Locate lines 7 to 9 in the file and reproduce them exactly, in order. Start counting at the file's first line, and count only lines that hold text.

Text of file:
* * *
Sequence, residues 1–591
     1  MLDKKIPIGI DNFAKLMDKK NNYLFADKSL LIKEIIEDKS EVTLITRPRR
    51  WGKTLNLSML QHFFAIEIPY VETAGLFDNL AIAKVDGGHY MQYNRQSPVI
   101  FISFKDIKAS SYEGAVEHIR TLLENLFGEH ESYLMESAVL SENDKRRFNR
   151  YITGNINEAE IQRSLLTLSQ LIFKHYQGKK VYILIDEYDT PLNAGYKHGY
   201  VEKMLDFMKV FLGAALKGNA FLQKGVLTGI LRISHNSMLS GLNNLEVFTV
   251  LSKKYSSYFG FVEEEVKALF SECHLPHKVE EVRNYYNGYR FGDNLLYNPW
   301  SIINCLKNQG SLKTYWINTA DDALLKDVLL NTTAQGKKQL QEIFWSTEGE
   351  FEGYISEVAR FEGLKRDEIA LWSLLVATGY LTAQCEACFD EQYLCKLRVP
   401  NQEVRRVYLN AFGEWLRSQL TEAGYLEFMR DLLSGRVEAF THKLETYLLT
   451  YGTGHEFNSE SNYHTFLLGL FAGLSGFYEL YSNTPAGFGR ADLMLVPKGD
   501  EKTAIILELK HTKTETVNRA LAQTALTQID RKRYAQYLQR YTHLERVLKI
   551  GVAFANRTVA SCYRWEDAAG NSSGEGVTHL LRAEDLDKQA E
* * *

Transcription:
   251  LSKKYSSYFG FVEEEVKALF SECHLPHKVE EVRNYYNGYR FGDNLLYNPW
   301  SIINCLKNQG SLKTYWINTA DDALLKDVLL NTTAQGKKQL QEIFWSTEGE
   351  FEGYISEVAR FEGLKRDEIA LWSLLVATGY LTAQCEACFD EQYLCKLRVP